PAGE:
The Financial Times reports that
“Hundreds of state schools that took part in the government’s flagship academies reform programme last year were accidentally given large incentives to do so, often worth hundreds of thousands of pounds.”
An average 1,000 strong secondary school gained £118,000 if it converted in 2010/11.
This ‘mistake’ has apparently now been rectified, although 790 academies that have converted more recently may still receive extra funding.
The FT states
“But the overfunding was worth more than £100,000 over a full year for a 1,000-pupil secondary school in 74 of the 150 boroughs in 2010-11. In 28 local authorities, the error was more than £200,000. In 10 boroughs, the expected potential benefit of conversion was greater than £300,000 a year.”
A DfE spokesman said: “The government has been very clear that the current [funding] system is flawed. That is why we made immediate changes to the formula last year and have since had detailed discussions with local authorities on how to make the system fair and transparent in the future.”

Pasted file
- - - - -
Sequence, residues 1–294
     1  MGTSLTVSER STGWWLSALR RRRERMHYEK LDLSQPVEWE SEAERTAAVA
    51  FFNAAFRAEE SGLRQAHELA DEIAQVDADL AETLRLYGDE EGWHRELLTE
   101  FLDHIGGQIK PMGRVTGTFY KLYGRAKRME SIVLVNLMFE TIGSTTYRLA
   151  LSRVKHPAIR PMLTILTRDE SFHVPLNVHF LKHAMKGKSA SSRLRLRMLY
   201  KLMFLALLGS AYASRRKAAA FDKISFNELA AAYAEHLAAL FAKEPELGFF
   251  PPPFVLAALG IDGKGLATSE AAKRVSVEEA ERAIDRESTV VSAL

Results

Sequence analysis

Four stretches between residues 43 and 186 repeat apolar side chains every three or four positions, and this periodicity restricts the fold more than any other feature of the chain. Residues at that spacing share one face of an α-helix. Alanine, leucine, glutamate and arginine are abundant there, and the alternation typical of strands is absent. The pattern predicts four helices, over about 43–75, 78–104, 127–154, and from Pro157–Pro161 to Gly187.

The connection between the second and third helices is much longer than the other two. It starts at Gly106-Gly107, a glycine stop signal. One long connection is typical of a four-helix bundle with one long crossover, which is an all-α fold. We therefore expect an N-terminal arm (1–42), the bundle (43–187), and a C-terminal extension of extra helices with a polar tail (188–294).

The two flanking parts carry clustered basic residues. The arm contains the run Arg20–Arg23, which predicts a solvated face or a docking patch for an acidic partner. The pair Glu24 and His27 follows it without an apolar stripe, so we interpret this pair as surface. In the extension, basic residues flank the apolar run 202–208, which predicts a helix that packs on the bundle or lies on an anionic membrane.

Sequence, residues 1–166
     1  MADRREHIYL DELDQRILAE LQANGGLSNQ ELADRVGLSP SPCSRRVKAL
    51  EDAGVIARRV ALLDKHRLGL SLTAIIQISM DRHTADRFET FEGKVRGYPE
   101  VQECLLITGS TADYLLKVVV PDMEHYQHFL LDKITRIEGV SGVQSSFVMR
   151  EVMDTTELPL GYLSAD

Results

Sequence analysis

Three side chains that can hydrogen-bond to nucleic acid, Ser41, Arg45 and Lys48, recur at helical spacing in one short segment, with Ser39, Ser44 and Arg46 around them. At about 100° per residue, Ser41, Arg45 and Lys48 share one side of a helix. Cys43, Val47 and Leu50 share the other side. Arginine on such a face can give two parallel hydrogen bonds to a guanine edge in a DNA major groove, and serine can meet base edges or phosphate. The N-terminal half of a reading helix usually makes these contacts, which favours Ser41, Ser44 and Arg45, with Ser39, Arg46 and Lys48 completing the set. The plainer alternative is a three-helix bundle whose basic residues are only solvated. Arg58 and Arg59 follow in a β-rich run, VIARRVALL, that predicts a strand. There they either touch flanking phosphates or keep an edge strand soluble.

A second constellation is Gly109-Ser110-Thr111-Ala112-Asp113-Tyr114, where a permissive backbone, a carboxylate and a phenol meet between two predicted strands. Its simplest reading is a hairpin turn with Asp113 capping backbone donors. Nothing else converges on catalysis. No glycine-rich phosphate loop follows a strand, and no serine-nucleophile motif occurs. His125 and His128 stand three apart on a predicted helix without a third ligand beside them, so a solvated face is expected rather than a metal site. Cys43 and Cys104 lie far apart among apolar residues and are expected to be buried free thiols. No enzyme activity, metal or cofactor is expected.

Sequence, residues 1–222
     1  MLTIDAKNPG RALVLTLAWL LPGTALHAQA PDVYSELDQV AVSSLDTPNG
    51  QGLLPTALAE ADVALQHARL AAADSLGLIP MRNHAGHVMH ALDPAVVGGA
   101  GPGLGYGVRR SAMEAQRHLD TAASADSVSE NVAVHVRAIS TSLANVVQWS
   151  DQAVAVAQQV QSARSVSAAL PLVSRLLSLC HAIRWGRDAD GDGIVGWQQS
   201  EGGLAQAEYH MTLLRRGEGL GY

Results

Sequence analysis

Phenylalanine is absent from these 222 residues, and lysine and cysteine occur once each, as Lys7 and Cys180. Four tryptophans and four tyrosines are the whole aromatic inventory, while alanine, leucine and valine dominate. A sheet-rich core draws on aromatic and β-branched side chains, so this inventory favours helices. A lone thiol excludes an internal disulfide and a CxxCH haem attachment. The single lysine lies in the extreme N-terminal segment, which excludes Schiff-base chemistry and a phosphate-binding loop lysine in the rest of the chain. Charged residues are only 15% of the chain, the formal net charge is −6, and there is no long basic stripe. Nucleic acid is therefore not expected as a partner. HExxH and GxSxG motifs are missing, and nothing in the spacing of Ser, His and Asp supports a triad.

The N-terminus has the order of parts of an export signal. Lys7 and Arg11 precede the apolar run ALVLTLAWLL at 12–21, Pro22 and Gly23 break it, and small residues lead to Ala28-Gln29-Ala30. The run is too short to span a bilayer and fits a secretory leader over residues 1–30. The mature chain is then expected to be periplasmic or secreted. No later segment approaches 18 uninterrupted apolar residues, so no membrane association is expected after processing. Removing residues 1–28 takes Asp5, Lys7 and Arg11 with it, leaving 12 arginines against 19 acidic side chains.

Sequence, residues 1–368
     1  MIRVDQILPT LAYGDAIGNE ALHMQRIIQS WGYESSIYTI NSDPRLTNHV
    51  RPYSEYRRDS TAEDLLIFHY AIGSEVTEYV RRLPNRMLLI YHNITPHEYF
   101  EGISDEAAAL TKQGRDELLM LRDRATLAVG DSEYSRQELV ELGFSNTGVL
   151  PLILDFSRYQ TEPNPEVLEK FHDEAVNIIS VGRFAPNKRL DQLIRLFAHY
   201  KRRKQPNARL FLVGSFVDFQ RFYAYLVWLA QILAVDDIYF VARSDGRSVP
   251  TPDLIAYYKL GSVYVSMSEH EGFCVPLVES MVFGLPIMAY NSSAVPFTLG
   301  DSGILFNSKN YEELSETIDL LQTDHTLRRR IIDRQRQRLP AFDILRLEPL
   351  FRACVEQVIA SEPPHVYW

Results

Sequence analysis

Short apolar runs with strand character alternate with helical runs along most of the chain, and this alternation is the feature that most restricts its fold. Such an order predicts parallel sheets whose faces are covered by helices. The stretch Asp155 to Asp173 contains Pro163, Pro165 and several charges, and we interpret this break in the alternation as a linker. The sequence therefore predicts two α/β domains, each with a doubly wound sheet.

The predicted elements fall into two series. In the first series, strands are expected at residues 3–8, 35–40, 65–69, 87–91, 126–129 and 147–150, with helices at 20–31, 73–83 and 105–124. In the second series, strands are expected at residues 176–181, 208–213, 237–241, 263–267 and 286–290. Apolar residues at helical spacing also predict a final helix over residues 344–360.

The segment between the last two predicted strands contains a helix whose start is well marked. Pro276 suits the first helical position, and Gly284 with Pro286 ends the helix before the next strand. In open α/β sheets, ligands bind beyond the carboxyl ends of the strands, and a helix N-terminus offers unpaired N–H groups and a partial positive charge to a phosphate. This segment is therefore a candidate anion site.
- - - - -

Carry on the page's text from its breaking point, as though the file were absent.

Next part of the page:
What will the government do now? Will they reclaim the money as they would surely have done if any other school had been mistakenly overfunded? Will they increase the funding to other schools to match the academy windfall?
It has been clear all along that extra funding has been the carrot that the government have used to persuade schools to convert to academies. As the number of academies has risen, and the economic situation has worsened, the extra money is now drying up. With the carrot gone the government has now been left with the stick – telling schools that they are ‘underperforming’ and attempting to scare them into becoming academies. This is meeting real resistance in primary schools across the country.